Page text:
Just days after Russia’s digital currency industry’s future looked bleak following a proposed ban, the country’s Ministry of Finance has submitted digital currency regulatory framework proposals. As per local reports, the ministry believes that a total ban would lead to losses amounting to trillions of rubles and thinks implementing enabling regulations is the better approach.
As CoinGeek reported, the Central Bank of Russia recently proposed a blanket ban on the trading, issuing, and mining of digital currencies. It claimed that they have become a haven for illicit activities and posed a serious threat to Russia’s financial system.
The proposal was met with uproar from many in Russia and beyond. One of the factions that voiced its opposition to the proposal was the Ministry of Finance. Ivan Chebeskov, a senior official at the ministry, said, “We need to regulate, not ban [digital currencies].”
The ministry has now unveiled its regulatory proposals for the sector. According to a report by local media agency RBC, it had submitted the proposals to Dmitry Chernyshenko, deputy chairman of the government of the Russian Federation.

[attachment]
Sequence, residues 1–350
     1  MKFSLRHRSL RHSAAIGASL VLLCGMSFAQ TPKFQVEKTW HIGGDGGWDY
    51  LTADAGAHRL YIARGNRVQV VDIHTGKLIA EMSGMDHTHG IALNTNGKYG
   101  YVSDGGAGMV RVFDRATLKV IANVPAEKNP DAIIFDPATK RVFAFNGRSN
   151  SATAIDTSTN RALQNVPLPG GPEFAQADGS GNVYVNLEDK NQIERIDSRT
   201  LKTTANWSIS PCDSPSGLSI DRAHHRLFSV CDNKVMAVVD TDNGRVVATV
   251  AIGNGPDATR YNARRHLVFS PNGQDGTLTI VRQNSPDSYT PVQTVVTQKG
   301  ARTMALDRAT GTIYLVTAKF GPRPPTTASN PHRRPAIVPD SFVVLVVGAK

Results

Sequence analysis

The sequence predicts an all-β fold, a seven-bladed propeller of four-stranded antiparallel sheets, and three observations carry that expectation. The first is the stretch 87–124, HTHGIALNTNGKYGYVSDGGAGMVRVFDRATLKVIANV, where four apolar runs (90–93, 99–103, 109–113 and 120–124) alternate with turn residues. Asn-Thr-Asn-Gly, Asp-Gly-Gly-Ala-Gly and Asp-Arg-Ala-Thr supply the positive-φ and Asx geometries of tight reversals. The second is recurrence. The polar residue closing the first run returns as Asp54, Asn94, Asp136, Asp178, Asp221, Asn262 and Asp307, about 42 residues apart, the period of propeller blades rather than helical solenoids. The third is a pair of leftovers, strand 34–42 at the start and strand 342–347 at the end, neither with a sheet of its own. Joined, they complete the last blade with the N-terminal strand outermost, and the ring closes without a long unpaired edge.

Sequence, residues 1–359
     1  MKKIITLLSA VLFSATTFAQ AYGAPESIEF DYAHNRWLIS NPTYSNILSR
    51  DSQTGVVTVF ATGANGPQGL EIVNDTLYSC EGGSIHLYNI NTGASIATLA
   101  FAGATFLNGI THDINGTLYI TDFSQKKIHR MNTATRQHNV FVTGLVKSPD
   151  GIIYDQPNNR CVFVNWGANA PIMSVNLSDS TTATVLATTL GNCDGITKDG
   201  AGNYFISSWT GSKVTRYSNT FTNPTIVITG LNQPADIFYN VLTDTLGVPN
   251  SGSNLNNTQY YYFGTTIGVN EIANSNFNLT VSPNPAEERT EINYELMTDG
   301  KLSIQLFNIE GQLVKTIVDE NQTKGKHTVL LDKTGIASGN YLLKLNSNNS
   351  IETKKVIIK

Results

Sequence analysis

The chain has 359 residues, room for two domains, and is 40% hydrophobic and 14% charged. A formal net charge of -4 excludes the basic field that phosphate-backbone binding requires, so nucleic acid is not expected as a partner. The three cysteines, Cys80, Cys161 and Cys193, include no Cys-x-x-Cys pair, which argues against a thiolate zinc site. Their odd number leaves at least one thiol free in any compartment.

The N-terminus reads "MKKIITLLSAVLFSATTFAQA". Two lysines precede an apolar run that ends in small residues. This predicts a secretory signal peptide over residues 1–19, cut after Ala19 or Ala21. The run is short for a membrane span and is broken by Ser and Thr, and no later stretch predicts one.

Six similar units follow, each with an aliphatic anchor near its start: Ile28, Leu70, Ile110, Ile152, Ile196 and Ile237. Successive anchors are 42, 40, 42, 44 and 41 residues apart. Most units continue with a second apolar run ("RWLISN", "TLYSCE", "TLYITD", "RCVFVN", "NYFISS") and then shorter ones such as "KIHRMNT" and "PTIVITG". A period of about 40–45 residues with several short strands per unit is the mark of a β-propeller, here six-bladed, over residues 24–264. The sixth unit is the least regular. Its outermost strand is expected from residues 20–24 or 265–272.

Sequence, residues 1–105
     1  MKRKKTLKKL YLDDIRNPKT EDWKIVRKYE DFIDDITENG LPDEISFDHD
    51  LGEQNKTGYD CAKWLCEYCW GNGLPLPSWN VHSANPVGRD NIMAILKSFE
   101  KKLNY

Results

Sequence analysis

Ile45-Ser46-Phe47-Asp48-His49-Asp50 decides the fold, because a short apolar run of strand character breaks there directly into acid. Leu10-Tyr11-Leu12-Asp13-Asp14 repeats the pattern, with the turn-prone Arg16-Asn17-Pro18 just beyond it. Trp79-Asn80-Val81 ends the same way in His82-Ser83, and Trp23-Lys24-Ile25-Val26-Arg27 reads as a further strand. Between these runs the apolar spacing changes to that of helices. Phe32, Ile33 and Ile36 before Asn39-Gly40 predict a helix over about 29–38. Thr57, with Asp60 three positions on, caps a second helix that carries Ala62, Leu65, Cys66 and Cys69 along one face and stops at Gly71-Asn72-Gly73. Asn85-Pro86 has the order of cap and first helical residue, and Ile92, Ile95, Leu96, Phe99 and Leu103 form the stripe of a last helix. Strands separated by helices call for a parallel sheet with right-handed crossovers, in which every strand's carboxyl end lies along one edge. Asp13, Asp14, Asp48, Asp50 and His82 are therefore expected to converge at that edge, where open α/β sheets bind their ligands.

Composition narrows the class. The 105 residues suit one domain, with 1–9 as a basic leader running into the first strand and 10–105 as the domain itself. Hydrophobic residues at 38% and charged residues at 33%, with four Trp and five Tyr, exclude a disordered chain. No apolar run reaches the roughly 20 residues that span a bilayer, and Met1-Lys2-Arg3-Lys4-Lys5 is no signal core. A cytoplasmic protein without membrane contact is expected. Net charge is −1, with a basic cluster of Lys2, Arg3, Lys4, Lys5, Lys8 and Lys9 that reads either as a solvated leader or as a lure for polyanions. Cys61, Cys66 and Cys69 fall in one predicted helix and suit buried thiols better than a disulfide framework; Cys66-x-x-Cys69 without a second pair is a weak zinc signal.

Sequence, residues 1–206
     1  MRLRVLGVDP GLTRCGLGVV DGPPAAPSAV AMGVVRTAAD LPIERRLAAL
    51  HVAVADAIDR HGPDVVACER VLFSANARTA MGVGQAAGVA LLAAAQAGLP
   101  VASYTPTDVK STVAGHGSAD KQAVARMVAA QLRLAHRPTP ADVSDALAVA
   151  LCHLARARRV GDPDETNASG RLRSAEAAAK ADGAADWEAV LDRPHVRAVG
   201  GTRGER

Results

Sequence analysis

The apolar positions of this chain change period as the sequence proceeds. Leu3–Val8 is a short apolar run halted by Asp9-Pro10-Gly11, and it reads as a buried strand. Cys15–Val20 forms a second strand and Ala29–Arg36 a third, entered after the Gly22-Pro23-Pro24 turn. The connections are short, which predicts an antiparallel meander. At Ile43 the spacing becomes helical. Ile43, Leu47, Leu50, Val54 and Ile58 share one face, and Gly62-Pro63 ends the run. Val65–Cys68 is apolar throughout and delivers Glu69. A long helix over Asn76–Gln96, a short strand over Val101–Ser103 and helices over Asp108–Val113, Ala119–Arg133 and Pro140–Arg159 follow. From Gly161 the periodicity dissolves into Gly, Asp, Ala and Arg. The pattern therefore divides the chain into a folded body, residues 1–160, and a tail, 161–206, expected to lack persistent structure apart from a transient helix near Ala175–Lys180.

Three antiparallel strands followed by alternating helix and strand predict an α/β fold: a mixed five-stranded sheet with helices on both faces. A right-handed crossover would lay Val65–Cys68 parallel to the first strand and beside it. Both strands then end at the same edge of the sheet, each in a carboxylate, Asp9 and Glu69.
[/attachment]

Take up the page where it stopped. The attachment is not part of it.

RBC reports that the ministry proposes that the digital currency sector be integrated into the financial services industry. With this, virtual asset service providers (VASPs) would have to adhere to more stringent regulations, including implementing measures that identify traders’ personal data.
The ministry further pointed out that the sector, which has been growing parabolically in Russia, can be a great source of revenue for the government. It will also enhance the government’s ability to track criminal activity.
This distinction is critical, especially at a time when most regulators have criticized digital currencies for harboring criminals and giving them anonymity. However, as Dr. Craig Wright has repeatedly pointed out, Bitcoin is private, not anonymous.
According to the Ministry of Finance’s estimates, about 2 trillion rubles have been invested in Russia’s digital currencies. In addition, the country is the second-largest block reward mining hub in the world after the United States.
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